Navigating the Path to Mental Health

Nearly a fifth of the people in the U.S. have a mental health condition.  That’s over 43 million Americans and more than half lack access to care.  In Ohio as with the rest of the country, the stats show mental health issues have been increasing over the last several years, and the state is either in line with or worse than the national average when it comes to those increasing rates. Beginning on May 29, WKSU will look at the challenges that stand in the path to finding the support needed to find better mental health.  Every Tuesday on Morning Edition, we'll take a look at one of the challenges that exist and some of the resources and solutions that are available.  Also join us on Wednesday, June 27th at the Akron Summit County public library for a conversation on the issue.

"Pink Slipping" Affects More Than Just The Patient

Jul 3, 2018
ALEXIS SCRANTON / THE BURR

In the world of mental health, emergency hospitalization can be a loaded topic. For some people, the image of a psychiatric hospital brings to mind movies like "Girl, Interrupted" or "One Flew Over the Cuckoo's Nest."

The reality is far different — and the process behind deciding to hospitalize someone — also known as “pink slipping” — can be hard for the patient and the professional alike.

On June 27, 2018, WKSU presented a Mental Health Fair and Forum at the Akron-Summit County Public Library. Here is more information on the Forum Panel, series sponsors and organizations participating in the Fair.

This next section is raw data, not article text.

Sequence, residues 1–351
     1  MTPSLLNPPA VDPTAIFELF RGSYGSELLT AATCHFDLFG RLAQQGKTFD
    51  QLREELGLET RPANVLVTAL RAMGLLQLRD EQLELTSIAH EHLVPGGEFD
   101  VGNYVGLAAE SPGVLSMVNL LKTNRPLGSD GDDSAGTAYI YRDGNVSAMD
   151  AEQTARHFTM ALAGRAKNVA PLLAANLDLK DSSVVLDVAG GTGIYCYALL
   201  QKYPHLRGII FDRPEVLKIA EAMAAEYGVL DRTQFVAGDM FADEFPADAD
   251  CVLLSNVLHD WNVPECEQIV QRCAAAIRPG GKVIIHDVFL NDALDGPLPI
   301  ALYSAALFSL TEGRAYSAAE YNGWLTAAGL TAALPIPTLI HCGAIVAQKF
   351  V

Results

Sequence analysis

FORUM GUESTS:

photo of Andrew Suvada
KABIR BHATIA / WKSU

Northeast Ohio police are increasingly turning to new methods when responding to people experiencing a mental-health crisis as police departments are shifting their training to better serve people who need their help.

Curtis Harbour has trained his service dog Max to respond with love when Harbour feels stressed.
Mark Arehart / WKSU

One of the barriers to finding the right mental health care in Ohio can be the cost. However, there are providers who offer services at little or no cost to low-income clients. In this installment of our series "Navigating the Path to Mental Health," WKSU’s Mark Arehart looks at the financial challenges facing both patients and providers.

Photo of Peggy and Diane Mang
M.L. SCHULTZE / WKSU public radio

Nearly 60 years ago, mental-health treatment began its move from massive warehouses like the old Massillon State Hospital to community-based care. But the path to effective treatment continues to face challenges: from old stereotypes to new medications. In the third installment of our series, “Navigating the Path to Mental Health,” WKSU’s M.L. Schultze explores the evolution among providers, advocates and patients.

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